During the interregnum that inevitably features between Christmas and New Year I took the radical (for me) step of going shopping in the January sales.  As I was staying with my parents down South for a few days I had the somewhat unedifying choices of Crawley, Brighton or Croydon.  I finally decided to go to Croydon as I'd been working in store before Christmas in Crawley so didn't really fancy going back and the train down to Brighton felt like a bit of a drag.  

It was only as I got off the train at East Croydon station that I started to think about how long it was since I was last there.  I reckon it's close to a decade which was a bit sobering.  For the uninitiated  I grew up and went to school in this part of the world - so always have half an eye out for news from this unloved London Borough that I called home until I was 18.  I never really 'came home' after University - I lived for a year in York after I finished with my studies and then moved to Nottingham for work. 

Anyway, train done, I wandered down towards the town proper from the station and started to feel oddly nostalgic.  But then you know when you go back to somewhere or something that it totally familiar to you but then it turns out not to be quite the same as you remember it?  Very dislocating when you're convinced that something has moved.  For example - I often frequented (after the age of eighteen, obviously) 'The George' pub on George Street but if you'd asked me if Croydon's tram ran down that street I would have sworn that it ran on a parallel road.  As I say, very odd.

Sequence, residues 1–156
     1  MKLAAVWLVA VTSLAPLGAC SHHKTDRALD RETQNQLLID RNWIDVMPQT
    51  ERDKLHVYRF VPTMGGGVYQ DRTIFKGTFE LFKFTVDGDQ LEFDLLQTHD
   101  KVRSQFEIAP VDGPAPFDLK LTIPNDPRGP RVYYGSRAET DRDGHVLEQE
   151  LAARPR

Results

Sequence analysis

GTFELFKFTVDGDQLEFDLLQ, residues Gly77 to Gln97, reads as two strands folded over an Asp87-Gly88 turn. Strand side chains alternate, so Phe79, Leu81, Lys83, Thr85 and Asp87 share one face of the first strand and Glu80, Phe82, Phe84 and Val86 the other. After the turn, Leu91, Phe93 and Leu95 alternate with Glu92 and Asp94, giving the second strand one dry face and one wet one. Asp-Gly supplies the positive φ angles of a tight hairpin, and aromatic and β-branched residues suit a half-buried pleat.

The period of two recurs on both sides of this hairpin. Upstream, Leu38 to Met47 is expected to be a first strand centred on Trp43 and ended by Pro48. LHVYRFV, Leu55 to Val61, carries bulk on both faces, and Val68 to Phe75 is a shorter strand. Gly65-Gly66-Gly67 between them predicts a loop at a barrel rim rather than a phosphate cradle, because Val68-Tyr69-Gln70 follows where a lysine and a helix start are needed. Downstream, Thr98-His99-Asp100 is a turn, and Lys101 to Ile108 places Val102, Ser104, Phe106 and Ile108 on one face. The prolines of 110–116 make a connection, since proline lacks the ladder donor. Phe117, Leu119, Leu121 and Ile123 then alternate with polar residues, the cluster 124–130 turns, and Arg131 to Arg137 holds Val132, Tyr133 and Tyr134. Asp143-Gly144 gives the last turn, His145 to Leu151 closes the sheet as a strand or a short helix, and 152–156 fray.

I spent many happy hours as a teenager browsing the serendipitous racks of Beanos record store (I love the bathos of the phrase in that article, "STUFF marketplace officially closed on 30 April 2010 due to too little business") and owe my love of Elvis Costello's 'Armed Forces' and the lost genius of The Beekeepers (seriously, if you want a treat then get can a copy of 'Third Party, Fear and Theft'; it's brilliant) to that place.  So I was naturally very sad when it closed down and this meant that my CD shopping was restricted to popping into 101 Records.  They were handily enough having a half price sale so was able to make progress on my Dylan completism for relatively little money.  

I'd somehow created a further false memory for myself that Croydon was included in Owen Hatherley's smart and provocative book, 'A Guide To The New Ruins of Great Britain'.  I've just checked and it's not but you should read this book anyway anyway, not least for the chapter on Nottingham. 


For a much maligned placed architecturally, Croydon does have some gems of Modernism that have a real place in my heart - Apollo House and Lunar are famous for (i) being hilariously dated by their moon-landing inspired names, (ii) now housing the UK Border Agency so a key first destination for many migrants to the UK and (iii) appearing many times as filming locations for 'Peep Show'.  But whilst structurally the town was looking much the same, the changing face of the shops and rest of the streetscape was striking.  The closure of Allders has obviously hit a blow at the heart of the community and I kept expecting to find other shops that had long gone and moved away.  Sad.  

Finally, and on a more upbeat note, there are some good signs of regeneration and redevelopment happening.  An active BID (a model that works well in Nottingham too) looks to have put together some good plans and is certainly very visible.  And there are some great looking plans for East Croydon station (itself an iconic cantilevered building) that will improve its links to the rest of the town.  

Just a collection of thoughts really but hopefully a little treat for my midlands friends...